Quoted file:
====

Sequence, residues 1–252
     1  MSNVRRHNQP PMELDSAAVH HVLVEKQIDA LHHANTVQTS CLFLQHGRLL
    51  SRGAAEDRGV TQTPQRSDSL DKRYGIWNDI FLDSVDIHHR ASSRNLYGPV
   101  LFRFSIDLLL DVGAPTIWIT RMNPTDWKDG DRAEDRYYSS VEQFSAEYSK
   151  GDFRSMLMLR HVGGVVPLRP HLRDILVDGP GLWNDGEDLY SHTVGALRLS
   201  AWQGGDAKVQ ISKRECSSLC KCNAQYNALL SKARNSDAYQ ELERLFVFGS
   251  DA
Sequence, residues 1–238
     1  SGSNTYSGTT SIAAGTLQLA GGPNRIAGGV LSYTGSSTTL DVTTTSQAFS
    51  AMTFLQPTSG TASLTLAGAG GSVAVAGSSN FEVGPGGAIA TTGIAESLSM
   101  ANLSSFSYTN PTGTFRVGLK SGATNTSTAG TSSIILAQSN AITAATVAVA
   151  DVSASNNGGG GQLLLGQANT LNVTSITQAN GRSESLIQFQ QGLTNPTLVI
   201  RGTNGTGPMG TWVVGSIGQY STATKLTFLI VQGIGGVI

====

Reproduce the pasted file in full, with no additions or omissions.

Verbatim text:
Sequence, residues 1–252
     1  MSNVRRHNQP PMELDSAAVH HVLVEKQIDA LHHANTVQTS CLFLQHGRLL
    51  SRGAAEDRGV TQTPQRSDSL DKRYGIWNDI FLDSVDIHHR ASSRNLYGPV
   101  LFRFSIDLLL DVGAPTIWIT RMNPTDWKDG DRAEDRYYSS VEQFSAEYSK
   151  GDFRSMLMLR HVGGVVPLRP HLRDILVDGP GLWNDGEDLY SHTVGALRLS
   201  AWQGGDAKVQ ISKRECSSLC KCNAQYNALL SKARNSDAYQ ELERLFVFGS
   251  DA
Sequence, residues 1–238
     1  SGSNTYSGTT SIAAGTLQLA GGPNRIAGGV LSYTGSSTTL DVTTTSQAFS
    51  AMTFLQPTSG TASLTLAGAG GSVAVAGSSN FEVGPGGAIA TTGIAESLSM
   101  ANLSSFSYTN PTGTFRVGLK SGATNTSTAG TSSIILAQSN AITAATVAVA
   151  DVSASNNGGG GQLLLGQANT LNVTSITQAN GRSESLIQFQ QGLTNPTLVI
   201  RGTNGTGPMG TWVVGSIGQY STATKLTFLI VQGIGGVI